· In the presence of aldosterone, excess extracellular potassium is secreted into the filtrate from the plasma within the late distal convoluted tubule and collecting duct and even more potassium ends up in the urine. · To summarize, aldosterone is secreted from the adrenal gland when angiotensin II is present and/or when potassium levels are high. The effect of aldosterone is to reabsorb sodium into the plasma and secrete potassium into the filtrate within the kidney. 27. Effect of Diuretics · By promoting urine formation, some diuretics will cause a potassium deficiency. · The 10% of potassium ion that is not reabsorbed in the PCT remains in the urine. Potassium ion deficiency cannot be corrected without ingesting additional potassium ion. · One reason why a low plasma potassium concentration, or hypokalemia, is clinically significant is because there is no mechanism to compensate for renal losses of potassium. 28. Potassium Homeostasis · The normal range of sodium in the plasma is 135-145 milliequivalents per liter. Compare this range to the normal range of potassium in the plasma which is 3.5 to 5.1 milliequivalents per liter.

· Because potassium has a much smaller range, the loss of a small amount of potassium can make a significant difference in the body. · Although most potassium ion is found inside cells, its concentration is measured in the plasma. It ends up in the extracellular fluids in two ways: 1. Like water and sodium, potassium is constantly entering the body in food and leaving the body mostly through the urine. 2. Because the cell membrane is more permeable to potassium than sodium, more potassium leaks out of cells. 29. Roles of Potassium: Osmosis · Let's look at the roles of potassium in the body. · As the major intracellular positive ion, potassium is responsible for intracellular fluid volume, through osmosis. · What would happen if there was a slight increase in potassium ions in the extracellular fluid? ____ Cells would shrink ____ Cells would expand · Cells will shrink slightly due to osmosis. 30. Roles of Potassium: Membrane Potential · Because most cells in the body leak potassium but not other ions, potassium will leave the cells though ion channels. Notice that a significant amount of positive charge is leaving the cell. · What charge will be left inside of the cell? ___ Positive charge ___ Negative charge · A negative charge is present inside the cell. · Potassium plays a key role in maintaining resting membrane potential, and therefore a major role in nerve impulse conduction, muscle contraction, and maintenance of normal cardiac rhythm. 31. Roles of Potassium: Acid/Base Balance · Potassium also plays a role in acid/base balance. · As hydrogen ions move into and out of the cells in the body, there is a corresponding movement of potassium in the opposite direction by ion transport proteins that link hydrogen ion movement to potassium ion movement. This movement helps maintain electrical balance inside the cells.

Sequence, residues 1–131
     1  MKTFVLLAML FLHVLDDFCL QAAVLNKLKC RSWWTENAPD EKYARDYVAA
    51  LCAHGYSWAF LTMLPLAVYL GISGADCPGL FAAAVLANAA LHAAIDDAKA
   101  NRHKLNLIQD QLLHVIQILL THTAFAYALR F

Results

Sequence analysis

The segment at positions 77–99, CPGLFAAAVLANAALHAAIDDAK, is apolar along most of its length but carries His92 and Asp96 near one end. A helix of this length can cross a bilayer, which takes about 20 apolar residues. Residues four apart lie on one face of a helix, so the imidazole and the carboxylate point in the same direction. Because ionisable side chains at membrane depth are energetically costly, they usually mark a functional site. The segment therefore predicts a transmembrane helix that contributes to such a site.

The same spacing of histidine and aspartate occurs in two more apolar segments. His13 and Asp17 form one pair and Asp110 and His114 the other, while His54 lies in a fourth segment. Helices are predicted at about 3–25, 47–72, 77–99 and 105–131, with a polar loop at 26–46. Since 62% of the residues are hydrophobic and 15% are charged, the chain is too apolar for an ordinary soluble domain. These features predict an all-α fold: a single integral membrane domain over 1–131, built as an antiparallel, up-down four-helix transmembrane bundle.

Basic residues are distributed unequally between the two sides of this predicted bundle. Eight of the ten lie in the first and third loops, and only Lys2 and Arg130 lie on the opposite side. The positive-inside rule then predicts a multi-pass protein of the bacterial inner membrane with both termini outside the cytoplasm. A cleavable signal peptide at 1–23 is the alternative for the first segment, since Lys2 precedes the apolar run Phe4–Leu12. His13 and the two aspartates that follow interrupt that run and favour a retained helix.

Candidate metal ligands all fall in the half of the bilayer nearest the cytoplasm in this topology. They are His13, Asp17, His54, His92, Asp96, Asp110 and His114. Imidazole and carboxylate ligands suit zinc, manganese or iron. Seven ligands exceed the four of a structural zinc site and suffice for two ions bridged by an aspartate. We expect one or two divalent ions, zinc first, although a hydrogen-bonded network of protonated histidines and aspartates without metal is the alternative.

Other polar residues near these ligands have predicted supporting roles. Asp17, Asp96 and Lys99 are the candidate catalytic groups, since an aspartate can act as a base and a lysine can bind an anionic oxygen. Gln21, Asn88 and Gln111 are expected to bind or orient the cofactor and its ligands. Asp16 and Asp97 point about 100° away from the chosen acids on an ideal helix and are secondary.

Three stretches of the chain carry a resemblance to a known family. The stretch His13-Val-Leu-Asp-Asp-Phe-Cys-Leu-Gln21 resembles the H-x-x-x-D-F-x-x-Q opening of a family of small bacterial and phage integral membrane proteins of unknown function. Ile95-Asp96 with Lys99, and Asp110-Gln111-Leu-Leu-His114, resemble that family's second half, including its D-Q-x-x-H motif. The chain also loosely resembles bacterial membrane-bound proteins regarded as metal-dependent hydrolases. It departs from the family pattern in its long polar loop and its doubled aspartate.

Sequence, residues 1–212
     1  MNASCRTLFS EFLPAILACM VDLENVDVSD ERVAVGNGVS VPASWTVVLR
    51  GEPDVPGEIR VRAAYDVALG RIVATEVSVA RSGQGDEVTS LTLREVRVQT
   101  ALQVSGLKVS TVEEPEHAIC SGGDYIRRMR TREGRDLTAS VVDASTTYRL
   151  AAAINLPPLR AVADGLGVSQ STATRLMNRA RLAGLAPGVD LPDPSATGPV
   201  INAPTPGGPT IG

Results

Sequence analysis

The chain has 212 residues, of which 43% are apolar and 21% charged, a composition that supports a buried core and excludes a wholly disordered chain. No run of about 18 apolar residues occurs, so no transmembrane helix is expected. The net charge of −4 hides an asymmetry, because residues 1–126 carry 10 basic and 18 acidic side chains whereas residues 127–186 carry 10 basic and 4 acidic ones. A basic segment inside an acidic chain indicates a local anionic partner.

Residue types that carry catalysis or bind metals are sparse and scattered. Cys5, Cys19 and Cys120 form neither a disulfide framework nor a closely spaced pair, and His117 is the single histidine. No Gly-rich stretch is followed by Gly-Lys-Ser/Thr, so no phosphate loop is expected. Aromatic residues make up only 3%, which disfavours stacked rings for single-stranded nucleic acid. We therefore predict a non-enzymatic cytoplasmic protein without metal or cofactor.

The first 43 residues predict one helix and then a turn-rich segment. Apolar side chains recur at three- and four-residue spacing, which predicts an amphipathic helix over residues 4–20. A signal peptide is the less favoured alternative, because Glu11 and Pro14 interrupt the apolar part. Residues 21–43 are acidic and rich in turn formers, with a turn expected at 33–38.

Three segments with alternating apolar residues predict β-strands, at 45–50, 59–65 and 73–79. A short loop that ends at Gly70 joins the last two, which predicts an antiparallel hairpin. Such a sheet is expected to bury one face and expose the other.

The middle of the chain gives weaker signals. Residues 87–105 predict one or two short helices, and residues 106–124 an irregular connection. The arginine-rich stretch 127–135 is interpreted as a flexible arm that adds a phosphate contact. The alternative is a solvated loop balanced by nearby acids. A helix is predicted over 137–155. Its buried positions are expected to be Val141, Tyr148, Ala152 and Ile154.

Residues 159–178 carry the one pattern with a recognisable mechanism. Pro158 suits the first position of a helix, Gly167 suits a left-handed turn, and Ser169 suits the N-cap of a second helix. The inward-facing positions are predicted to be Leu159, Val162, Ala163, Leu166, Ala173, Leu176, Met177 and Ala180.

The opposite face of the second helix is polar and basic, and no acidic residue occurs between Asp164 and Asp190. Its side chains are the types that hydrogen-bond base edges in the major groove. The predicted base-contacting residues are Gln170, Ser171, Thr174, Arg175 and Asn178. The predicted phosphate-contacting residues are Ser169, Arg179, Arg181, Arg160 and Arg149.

· In acidosis, there is an excess of hydrogen ions (which determines the pH) in the extracellular fluids. The hydrogen ions exchange for potassium ions, increasing the extracellular potassium level. · Indicate the direction that potassium and hydrogen ions go in acidosis:

· In conditions causing alkalosis, there will be a lack of hydrogen ions in the extracellular fluid. Drag the potassium ion in the direction it will go in alkalosis. · Indicate the direction that potassium and hydrogen ions go in alkalosis:

· Because there is less hydrogen ion in the extracellular fluids in alkalosis, hydrogen ions move into the extracellular compartment in and potassium ions move into the cells. This movement may cause a decrease of potassium ions in the extracellular fluid. · An increase or decrease of potassium in the extracellular fluid may influence action potentials in excitable membranes. 32. Potassium Exercise · Hyperkalemia occurs if the plasma potassium level is greater than 5.1 milliequivalents per liter. · Hypokalemia occurs if the plasma potassium level is less than 3.5 milliequivalents per liter. · Predict whether or not the following conditions would cause hyperkalemia or hypokalemia. ________________ Excessive intake of potassium, such as overuse of salt substitutes. Eating too much potassium could lead to hyperkalemia. ________________ Alkalosis In alkalosis, hydrogen ion comes out of the cells in exchange for potassium ion. The potassium ion in the extracellular fluid decreases, leading to hypokalemia. ________________ Taking diuretics. Some diuretics can cause too much potassium to leave the body through the urine, resulting in hypokalemia. ________________ Decreased ability of the kidneys to excrete potassium, such as occurs in renal failure. The failure of the kidneys to excrete potassium may cause hyperkalemia. ________________ A decreased intake of potassium, such as in an unbalanced diet. Because the body absorbs potassium through food and beverages, a poor diet could cause hypokalemia. ________________ Severe vomiting or diarrhea. Loss of potassium from the body leads to hypokalemia. ________________ Acidosis. In acidosis, potassium leaves the cells in exchange for hydrogen ion, resulting in hyperkalemia. · Because potassium plays a pivotal role in maintaining membrane potential, the effects of both hyperkalemia and hypokalemia are reflected in changes in neuromuscular functioning. · Mild hyperkalemia may cause: · intestinal cramping · diarrhea · restlessness · changes in the electrocardiogram